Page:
Cover

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pp. 1-1

Title Page, Copyright

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pp. iii-iv

Contents

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pp. v-v

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Preface

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pp. vii-ix

I first became interested in Elmore Leonard because I like to read crime fiction and I’m originally from Detroit. It wasn’t until I was working as an En glish professor in Boston, married with family, that a friend told me to read Swag. From the first page, I regretted the delay. What hooked me almost instantly was Leonard’s sense of place. This was ...

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1. Being Cool: Learning Authenticity

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pp. 1-46

If you’ve heard the name Elmore Leonard, chances are you’ve also heard him described as “the Dickens of Detroit.” At one point in his career, this honorific appeared in the publicity pages of nearly every new paperback edition of an Elmore Leonard book and in the columns of nearly every fresh review. Anyone who’s read Leonard can see why, even in its original, diminished form—“A ...

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2. Being Other(s): “Making” Imaginary Friends

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pp. 47-91

The most prominent features of Leonard’s Westerns refl ect the patterns of relationship that shaped his childhood, adolescence, and young manhood. In summarizing that pro cess, we might begin with an imaginative and sociable boy, responsive to the nuances of the human voice and the vicarious thrill of adventure books, Western fi lms, and news accounts of legendary gangsters. This boy ...

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3. Plays Well with Others: Take Five

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pp. 92-134

The first de cade of Leonard’s career as a writer of crime fi ction was interrupted at several points by work that harkened back to his Western phase, such as Valdez Is Coming (1970), Forty Lashes Less One (1972), and Gunsights (1979), and by work on screenplays. The latter include some that sold—The Moonshine War (1970, based on the novel of 1969), Picket Line (1970), American Flag (1971), Joe ...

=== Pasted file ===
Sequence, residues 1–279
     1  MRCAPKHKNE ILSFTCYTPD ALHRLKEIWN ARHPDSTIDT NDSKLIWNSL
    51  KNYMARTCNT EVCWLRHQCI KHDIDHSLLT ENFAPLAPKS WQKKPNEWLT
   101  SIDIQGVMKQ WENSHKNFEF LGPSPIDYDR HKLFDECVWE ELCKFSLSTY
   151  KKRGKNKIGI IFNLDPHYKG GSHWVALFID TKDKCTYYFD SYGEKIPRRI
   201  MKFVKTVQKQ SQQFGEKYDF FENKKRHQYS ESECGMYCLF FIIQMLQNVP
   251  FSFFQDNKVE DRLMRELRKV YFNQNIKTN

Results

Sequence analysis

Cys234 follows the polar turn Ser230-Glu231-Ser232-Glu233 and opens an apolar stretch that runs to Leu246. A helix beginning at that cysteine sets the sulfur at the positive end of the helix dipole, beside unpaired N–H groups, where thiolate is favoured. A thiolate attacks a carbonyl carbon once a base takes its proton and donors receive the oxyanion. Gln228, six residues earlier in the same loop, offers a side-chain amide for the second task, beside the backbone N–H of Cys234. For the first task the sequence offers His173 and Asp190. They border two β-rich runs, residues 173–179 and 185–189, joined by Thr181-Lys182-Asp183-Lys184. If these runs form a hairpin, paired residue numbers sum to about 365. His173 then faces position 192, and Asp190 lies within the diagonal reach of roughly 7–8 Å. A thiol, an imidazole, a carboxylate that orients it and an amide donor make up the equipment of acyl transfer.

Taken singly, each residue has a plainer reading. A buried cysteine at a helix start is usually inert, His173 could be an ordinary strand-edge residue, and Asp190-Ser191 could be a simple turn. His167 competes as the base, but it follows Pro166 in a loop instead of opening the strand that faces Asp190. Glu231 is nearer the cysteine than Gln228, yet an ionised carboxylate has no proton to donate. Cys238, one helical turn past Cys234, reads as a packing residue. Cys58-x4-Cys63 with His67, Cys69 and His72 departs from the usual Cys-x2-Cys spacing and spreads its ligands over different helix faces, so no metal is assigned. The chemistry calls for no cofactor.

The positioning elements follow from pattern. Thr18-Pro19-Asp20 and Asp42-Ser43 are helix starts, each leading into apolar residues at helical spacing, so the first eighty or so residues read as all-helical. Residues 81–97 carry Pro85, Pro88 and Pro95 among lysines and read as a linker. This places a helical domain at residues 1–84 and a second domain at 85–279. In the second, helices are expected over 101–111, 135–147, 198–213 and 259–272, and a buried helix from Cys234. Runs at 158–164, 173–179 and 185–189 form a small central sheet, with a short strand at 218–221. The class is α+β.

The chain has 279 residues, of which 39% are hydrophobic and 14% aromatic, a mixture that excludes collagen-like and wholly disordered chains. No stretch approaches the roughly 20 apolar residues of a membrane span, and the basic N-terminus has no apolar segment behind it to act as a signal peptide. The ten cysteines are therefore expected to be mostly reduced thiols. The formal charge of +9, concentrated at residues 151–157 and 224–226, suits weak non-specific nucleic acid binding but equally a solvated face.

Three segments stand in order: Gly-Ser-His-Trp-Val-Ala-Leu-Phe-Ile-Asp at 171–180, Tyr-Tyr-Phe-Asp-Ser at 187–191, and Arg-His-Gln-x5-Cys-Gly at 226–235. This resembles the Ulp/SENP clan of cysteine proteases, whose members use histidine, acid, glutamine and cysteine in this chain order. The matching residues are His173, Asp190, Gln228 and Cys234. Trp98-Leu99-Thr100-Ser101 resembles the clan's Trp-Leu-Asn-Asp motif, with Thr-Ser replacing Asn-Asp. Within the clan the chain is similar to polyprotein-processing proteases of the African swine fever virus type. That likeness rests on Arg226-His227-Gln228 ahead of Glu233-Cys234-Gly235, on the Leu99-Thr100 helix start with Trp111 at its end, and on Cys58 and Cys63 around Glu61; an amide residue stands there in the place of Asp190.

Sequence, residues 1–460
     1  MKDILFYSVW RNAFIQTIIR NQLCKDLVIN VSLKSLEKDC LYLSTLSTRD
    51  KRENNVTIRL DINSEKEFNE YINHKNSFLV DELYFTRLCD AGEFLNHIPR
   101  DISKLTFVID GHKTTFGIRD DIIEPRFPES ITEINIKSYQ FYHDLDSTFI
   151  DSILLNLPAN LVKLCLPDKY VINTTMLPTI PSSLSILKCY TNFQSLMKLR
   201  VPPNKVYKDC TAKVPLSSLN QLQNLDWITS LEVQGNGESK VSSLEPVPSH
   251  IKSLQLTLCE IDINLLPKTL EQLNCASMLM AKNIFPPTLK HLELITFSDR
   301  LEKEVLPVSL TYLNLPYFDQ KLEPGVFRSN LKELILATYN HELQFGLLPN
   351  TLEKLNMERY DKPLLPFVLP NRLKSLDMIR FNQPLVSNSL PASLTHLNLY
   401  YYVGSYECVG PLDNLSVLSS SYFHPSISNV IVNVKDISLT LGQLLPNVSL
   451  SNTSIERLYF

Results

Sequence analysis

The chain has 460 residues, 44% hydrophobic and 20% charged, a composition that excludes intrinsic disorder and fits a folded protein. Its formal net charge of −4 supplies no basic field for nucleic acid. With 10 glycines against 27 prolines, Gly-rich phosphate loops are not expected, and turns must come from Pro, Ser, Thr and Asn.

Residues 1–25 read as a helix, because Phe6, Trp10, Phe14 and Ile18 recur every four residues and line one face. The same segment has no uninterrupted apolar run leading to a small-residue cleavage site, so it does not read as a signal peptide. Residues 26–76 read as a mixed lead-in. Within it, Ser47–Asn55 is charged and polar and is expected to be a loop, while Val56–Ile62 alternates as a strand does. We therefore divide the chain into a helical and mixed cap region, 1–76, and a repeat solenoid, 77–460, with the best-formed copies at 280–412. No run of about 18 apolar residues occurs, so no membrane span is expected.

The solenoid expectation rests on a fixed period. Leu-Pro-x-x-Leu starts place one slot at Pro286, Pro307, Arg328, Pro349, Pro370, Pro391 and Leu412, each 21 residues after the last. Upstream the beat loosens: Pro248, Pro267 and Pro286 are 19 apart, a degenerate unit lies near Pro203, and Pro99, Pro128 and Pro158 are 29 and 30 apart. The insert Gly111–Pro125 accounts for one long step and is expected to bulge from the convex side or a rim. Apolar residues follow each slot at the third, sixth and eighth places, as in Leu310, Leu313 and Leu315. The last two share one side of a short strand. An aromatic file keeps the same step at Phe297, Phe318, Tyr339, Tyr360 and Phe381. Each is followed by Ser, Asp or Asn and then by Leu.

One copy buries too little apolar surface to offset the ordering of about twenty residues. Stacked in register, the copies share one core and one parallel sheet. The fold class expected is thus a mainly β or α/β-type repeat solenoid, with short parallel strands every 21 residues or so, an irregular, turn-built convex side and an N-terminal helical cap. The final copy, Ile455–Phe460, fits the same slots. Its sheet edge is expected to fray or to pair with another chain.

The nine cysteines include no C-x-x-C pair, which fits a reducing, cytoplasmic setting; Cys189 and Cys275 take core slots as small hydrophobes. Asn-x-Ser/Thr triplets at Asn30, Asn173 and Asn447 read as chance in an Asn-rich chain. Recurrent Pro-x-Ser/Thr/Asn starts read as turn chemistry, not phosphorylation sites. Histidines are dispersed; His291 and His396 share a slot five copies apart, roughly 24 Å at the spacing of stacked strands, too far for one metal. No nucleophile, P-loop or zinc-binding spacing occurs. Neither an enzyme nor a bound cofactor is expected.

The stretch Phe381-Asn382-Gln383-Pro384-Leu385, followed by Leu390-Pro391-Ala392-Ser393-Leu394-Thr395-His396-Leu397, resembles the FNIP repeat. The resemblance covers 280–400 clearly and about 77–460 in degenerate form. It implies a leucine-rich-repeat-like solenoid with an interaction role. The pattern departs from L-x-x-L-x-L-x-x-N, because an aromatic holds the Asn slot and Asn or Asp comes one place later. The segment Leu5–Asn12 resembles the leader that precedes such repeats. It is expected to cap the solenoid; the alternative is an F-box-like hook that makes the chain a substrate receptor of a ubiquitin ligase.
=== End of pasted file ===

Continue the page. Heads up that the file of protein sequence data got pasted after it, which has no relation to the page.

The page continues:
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4. Choruses: After 1980

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pp. 134-200

In jazz, a “chorus” is a single iteration of a basic song or tune, usually twelve to thirty- two measures long. A jazz performance can comprise dozens of choruses, starting with the first, or “head,” which is typically played as written, followed by successive improvisations on the head’s fundamental chord structure. The results can both surprise and delight, incorporating melodies that ...

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Conclusion: What Happens Next?

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pp. 201-206

Just after Bill Hill closes the deal in Touch that will make Juvenal a media star, Leonard off ers us a glimpse of the evangelical huckster’s thoughts, in free indi-rect discourse. Hill is glad to be back in the saddle and no longer selling motor homes, as he’s had to do ever since Uni- Faith folded: “Work work work. But damn he felt good. Bill Hill was promoting people again and not some dead-ass ...

Notes

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pp. 207-210

Works Cited

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pp. 211-216

Index

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pp. 217-225